As cellular networks upshift from a roughly 30Mbps average data rate over 4G LTE in many metro areas—and even in smaller towns—to data rates that could be a few times higher as 5G networks starts appearing in earnest, thoughts of using your phone for home broadband instead of a wired connection increase as well, in places where wired speeds are low or expensive.
Carriers have discouraged this in the past, but many now offer plans with significant data allotments for a personal hotspot, like 15GB to 60GB per month. This is particularly the case on business plans, which many people now use at home.
Can you “wire” a personal hotspot into your home network? Yes—but read the carrier’s fine print. We do not encourage you to violate your terms of service. But if it fits within your contract’s parameters, you can use a Mac to pass through mobile broadband effectively.
The simplest way to create such a setup is to hook an iPhone (or iPad with a similar plan) to a Mac via USB, and share the internet connection via the Mac’s Wi-Fi. This disables your Mac’s connection to a local Wi-Fi network, if it has one, and it uses the iPhone entirely for its internet connection. (You need to use a USB connection, because Bluetooth has a fairly low data rate.)
You can also go up a step by sharing the phone’s connection via ethernet on a Mac, and plugging a Wi-Fi base station into that ethernet port. This would allow you to connect additional devices via ethernet, and to have a more powerful signal from a dedicated Wi-Fi gateway. (If your Mac doesn’t have ethernet built in, it’s easy to get a USB Type A or USB-C gigabit ethernet adapter if you have a port free, or to attach a dock to a Thunderbolt 3-equipped Mac that includes Ethernet.)
Here’s how to set this up with just a Mac’s built-in Wi-Fi:
In the Network preference pane, select the iPhone USB adapter in the left-hand list. (If it doesn’t exist, click the + sign at the bottom of the list, select iPhone USB from the Interface pop-up menu, and click OK.)
Uncheck Disable Unless Needed.
In the Sharing preference pane, click the Internet Sharing item in the Service list.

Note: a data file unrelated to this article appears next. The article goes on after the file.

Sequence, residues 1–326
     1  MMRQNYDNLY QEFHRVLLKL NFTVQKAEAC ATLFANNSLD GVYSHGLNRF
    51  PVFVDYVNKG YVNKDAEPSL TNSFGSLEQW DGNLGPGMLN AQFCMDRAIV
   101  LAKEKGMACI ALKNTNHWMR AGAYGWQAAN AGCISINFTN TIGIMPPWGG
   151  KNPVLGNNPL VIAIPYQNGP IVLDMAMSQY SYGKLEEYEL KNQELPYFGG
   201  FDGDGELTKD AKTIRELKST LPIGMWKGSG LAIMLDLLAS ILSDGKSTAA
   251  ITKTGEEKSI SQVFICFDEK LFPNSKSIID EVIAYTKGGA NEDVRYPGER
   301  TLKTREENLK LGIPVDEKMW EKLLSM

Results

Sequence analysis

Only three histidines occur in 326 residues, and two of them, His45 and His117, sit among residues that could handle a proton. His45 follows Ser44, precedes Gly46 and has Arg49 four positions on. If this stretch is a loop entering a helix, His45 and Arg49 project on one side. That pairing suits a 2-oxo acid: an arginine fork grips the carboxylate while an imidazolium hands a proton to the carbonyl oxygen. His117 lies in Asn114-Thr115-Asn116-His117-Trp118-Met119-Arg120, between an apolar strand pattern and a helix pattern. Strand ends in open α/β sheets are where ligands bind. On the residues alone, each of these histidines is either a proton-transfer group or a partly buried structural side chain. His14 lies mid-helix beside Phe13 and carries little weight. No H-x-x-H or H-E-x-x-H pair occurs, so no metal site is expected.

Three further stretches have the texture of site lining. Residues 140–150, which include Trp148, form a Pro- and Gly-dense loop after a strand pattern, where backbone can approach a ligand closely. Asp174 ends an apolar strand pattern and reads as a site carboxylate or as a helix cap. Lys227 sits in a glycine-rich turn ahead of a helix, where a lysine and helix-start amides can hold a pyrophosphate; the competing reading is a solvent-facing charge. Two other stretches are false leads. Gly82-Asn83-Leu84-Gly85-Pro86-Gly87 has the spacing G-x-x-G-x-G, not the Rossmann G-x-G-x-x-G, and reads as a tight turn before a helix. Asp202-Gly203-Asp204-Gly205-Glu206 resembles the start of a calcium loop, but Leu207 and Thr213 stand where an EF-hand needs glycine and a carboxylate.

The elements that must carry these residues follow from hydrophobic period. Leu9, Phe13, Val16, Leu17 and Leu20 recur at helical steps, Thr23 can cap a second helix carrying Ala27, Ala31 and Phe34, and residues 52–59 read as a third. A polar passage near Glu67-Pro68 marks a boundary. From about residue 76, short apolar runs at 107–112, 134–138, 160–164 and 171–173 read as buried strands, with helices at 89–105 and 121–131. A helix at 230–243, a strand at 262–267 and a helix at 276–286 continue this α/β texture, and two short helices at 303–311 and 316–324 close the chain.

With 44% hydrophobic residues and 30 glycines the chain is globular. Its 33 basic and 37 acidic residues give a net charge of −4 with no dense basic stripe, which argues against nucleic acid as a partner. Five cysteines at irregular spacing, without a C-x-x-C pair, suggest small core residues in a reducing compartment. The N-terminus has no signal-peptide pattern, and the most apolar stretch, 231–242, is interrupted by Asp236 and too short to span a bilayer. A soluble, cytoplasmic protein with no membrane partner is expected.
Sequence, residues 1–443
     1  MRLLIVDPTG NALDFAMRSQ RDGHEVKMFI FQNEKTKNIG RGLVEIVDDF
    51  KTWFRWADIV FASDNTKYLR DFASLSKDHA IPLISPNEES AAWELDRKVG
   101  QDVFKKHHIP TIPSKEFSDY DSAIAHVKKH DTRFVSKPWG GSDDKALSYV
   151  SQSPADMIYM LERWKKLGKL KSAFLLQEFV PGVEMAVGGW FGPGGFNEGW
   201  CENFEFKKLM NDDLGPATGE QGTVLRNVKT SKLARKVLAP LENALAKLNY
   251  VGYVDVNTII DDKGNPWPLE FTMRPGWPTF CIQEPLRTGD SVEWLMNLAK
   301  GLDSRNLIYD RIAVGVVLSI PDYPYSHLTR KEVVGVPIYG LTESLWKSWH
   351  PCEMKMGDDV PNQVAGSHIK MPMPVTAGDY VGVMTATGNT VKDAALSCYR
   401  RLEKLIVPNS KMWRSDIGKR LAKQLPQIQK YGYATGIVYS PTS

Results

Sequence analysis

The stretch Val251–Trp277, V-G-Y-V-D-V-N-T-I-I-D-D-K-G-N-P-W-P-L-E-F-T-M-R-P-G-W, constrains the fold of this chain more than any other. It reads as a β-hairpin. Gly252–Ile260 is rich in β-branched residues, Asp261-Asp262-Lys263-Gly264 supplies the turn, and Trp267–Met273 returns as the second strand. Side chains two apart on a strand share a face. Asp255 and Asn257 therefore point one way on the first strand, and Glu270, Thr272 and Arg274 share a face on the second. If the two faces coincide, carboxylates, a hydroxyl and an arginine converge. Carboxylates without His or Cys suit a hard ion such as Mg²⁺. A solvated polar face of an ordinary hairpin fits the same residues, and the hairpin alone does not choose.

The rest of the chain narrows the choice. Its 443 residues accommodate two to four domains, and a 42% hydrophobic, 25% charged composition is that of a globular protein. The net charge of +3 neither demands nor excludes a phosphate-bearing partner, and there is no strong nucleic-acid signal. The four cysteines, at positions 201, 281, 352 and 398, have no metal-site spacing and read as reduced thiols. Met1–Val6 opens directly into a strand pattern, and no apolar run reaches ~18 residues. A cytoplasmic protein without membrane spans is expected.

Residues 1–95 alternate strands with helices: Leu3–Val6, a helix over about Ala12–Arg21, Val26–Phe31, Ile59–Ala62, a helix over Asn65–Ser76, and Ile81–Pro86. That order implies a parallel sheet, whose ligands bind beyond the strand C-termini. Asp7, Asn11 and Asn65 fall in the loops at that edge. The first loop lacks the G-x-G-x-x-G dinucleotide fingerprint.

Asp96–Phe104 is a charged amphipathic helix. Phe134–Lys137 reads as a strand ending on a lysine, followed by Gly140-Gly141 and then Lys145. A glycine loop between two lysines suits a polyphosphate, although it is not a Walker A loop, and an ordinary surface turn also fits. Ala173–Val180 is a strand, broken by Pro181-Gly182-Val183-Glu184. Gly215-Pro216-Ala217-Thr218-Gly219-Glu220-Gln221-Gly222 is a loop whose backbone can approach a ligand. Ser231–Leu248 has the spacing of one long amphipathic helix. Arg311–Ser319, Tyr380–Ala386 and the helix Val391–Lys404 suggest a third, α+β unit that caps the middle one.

From the “Share your connection from” list, choose iPhone USB (or whatever your iPhone interface is named).
From the “To computers using” list, check just Wi-Fi.
Click Wi-Fi Options. Name your network, and then pick a channel and a security method. Channels 1, 6, and 11 will work over longer distances, but won’t allow as much throughput; channels 36, 40, 44, and 48 allow for higher throughput over shorter ranges. For security, pick WPA2 Personal and enter a passphrase.
Click the box next to Internet Sharing in the list.
macOS warns you about network disruption. Click Start.
If you want to use a Wi-Fi gateway, in step 6 above, select just ethernet from the list, or the appropriate USB or Thunderbolt ethernet adapter and skip step 7. The Wi-Fi gateway should be configured for passthrough or bridge mode, instead of assigning out its own private network addresses, as macOS will handle that task.
Using a smartphone as the basis of your home broadband of course tethers your phone into your network. Removing it from this setup removes your broadband access—unless you have a slower, back-up broadband service also in place.
You should be sure your phone is always plugged in, because the personal hotspot feature draws a lot of power. And don’t place it on a surface that could be marred by heat, either.
This Mac 911 article is in response to a question submitted by Macworld reader Frank.
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